Teenage boys fighting, bullying and self-defense, violence, blurred background

Adolscent boys’ fighting is related to several poor adult outcomes

A new research article by Lars Roar Frøyland and Tilmann Von Soest finds that adolescent boys’ fighting is associated with several poor adult outcomes.

Lars Roar Frøyland and Tilmann Von Soest, from the Norwegian Social Research-institute NOVA, has recently published the article: “Adolescent boys’ physical fighting and adult life outcomes: Examining the interplay with intelligence”. The research article examines how physical fighting among adolescent boys is related to adult life success in several domains, and how intelligence influences these associations.

The study found that adolescent boys’ fighting was associated with poor adult outcomes in the domains of employment, education and criminal behavior. Detailed analyses on the interplay of physical fighting and intelligence showed that some parts of the associations between adolescent boys’ fighting and several unfortunate adult outcomes could be ascribed to lower intelligence among the fighters.

The researchers also found that intelligence moderated the relationship between physical fighting and adult education. Fighting was not related to educational achievement among boys with high intelligence, whereas boys with lower intelligence experienced negative effects of adolescent fighting. The analyses show the importance of considering adolescent boys’ physical fighting as a potential risk factor for future social marginalization.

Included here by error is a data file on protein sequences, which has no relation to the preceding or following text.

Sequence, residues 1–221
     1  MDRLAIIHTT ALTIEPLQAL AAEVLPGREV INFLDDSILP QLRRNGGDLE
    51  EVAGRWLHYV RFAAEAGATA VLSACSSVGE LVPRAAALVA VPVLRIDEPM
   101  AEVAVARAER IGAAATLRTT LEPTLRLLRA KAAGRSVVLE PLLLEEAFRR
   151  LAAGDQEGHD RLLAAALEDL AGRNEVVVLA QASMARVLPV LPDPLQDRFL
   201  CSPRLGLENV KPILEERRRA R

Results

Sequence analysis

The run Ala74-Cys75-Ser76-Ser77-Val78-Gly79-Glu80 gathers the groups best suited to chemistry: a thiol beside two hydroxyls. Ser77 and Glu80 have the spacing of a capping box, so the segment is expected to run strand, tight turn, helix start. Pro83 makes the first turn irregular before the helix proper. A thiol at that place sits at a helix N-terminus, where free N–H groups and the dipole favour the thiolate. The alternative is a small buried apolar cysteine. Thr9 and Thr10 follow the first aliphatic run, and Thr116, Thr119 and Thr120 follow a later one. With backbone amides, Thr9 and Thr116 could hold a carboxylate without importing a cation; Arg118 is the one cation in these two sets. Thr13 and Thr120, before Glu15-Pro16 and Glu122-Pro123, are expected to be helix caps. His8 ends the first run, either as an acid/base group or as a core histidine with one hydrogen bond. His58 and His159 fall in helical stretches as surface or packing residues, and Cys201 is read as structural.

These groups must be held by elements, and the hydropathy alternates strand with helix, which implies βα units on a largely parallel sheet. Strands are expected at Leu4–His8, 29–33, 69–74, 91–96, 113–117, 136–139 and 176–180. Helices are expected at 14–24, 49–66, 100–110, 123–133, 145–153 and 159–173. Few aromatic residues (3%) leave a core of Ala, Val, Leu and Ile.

The study used data from more than a thousand boys that participated in the population-based longitudinal Young in Norway Study, that followed adolescents from 1992 to 2015, by combining self-reports at four time points with comprehensive information from registers.

Source: Frøyland, L.R. & von Soest.,T.: Adolescent boys’ physical fighting and adult life outcomes: Examining the interplay with intelligence. Aggressive Behavior. DOI: 10.1002/ab.21871 (onlinelibrary.wiley.com)